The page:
In October, Rakesh Bhukal gave a presentation on the Scorpions of Trinidad and Tobago where he highlighted the findings of his MSc thesis titled: Niche Separation of Scorpions in Low-land Evergreen Forests. He investigated how different species of scorpions are able to coexist in the same locality and the findings of his project showed that they are able to do so by the selection and use of different foraging microhabitats. His presentation also highlighted general information about the different species of scorpions such as their venom toxicity, species of medical importance, as well as their distribution throughout Trinidad.
With the Bioblitz rescheduled to November, the Club decided to make a quick visit to Rio Seco in October. The trip took an exciting turn at the end when water levels suddenly started to rise, turning the tranquil falls and plunge pool into roaring torrent.November
For the November trip, members visited the so-called “Jumbie Cave” in Caura. A hive of bees at the cave mouth, however, deterred all but the hardiest of souls from exploring the inside.
Guy Marley spoke to the Club on the “Fish of the Caroni Swamp” for the November lecture. Guy gave us some background to the Caroni Swamp, and the aims of his PhD research. He talked us through his fishing methods for this challenging research environment, and then showed us many of the interesting and varied species he has recorded in the field. Thirty-six of the species he found were new records for the swamp, and many are of commercial importance. His research shows that there are many more important research questions that need to be addressed for us to understand the functioning of this mangrove ecosystem and the effects that humans may have on it.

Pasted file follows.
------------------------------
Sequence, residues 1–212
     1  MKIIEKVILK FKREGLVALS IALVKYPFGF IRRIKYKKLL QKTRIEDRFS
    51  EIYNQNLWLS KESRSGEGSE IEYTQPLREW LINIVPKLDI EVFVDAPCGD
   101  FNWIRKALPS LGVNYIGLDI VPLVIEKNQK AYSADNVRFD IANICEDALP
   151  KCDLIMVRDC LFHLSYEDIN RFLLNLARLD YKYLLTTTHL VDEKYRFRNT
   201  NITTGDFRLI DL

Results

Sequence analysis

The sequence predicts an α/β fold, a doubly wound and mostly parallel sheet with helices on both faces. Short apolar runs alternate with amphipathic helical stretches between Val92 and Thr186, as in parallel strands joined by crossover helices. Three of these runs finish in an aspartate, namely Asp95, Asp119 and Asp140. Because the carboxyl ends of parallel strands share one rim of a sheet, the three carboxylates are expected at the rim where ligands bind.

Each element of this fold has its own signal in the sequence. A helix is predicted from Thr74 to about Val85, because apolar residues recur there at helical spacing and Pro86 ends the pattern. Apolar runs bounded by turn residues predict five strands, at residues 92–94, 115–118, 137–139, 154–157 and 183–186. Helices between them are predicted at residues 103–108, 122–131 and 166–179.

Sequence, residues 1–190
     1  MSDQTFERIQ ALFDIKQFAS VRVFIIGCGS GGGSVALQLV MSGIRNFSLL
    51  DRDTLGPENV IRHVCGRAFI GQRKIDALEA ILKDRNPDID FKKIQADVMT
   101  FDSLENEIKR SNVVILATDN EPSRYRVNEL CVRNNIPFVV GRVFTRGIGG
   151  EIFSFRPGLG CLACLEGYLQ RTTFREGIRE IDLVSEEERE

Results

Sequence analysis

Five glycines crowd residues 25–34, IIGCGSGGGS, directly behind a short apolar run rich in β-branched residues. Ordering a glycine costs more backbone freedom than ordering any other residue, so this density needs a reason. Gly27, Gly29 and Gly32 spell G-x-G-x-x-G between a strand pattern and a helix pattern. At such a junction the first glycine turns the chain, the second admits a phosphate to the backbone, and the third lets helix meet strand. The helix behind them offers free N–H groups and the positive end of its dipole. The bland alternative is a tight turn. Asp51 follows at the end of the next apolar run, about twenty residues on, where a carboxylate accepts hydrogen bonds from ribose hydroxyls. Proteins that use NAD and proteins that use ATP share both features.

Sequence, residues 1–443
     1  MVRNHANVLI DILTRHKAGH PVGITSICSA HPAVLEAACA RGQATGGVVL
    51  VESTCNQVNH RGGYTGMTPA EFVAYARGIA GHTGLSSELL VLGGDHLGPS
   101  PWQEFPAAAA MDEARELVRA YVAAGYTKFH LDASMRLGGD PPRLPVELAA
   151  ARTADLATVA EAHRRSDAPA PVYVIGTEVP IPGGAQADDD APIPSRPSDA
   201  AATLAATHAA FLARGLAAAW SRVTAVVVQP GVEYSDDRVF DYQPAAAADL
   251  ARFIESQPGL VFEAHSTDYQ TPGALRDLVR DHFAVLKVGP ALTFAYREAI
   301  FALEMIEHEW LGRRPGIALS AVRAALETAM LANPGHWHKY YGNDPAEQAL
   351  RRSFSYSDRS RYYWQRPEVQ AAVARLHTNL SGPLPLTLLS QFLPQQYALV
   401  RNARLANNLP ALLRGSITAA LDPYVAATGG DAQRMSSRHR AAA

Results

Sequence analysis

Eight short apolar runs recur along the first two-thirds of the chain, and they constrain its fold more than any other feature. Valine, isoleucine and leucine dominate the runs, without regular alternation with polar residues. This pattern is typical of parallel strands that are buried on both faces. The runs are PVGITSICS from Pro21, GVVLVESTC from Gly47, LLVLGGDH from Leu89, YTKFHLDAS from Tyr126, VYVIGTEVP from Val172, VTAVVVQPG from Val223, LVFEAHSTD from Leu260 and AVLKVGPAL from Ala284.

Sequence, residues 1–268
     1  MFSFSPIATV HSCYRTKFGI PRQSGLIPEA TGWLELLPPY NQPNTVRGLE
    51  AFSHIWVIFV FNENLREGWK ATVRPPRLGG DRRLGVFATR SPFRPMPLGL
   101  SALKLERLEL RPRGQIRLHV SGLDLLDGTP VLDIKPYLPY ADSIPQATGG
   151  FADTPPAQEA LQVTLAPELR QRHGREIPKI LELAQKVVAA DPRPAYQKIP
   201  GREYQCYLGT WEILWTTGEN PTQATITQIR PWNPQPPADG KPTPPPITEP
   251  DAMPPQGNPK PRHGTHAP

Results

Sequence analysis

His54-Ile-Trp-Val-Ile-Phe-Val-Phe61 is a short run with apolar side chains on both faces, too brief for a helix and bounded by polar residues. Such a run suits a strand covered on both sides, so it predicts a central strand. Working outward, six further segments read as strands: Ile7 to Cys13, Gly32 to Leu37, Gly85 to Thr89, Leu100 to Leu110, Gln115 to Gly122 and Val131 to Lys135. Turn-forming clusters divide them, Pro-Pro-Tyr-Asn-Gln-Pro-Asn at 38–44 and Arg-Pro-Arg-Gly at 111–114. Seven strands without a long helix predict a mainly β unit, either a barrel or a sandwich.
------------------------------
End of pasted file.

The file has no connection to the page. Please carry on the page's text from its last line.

For the birders, it was off to Rio Claro in November, where the group looked for forest species in Poole.But the highlight of the month was the Port of Spain Bioblitz. While POS and environs might seem like an odd place for a biological survey, the teams found a surprising diversity of wildlife at the various sites which included the hills overlooking the city, the Diego Martin river and the Botanic Gardens (no cheating by counting animals in the Zoo!). By the end, over 700 species were recorded! Above all, the event was well attended by the public including several schools who visited.
While no meetings or trips are held in December, the TTFNC did have its annual year end function. Again we decided to hold the function in Brasso Seco. The village has only just started to recover from terrible storms which affected several parts of the Northern Range so members took along some relief supplies. As always, a good time was had by all.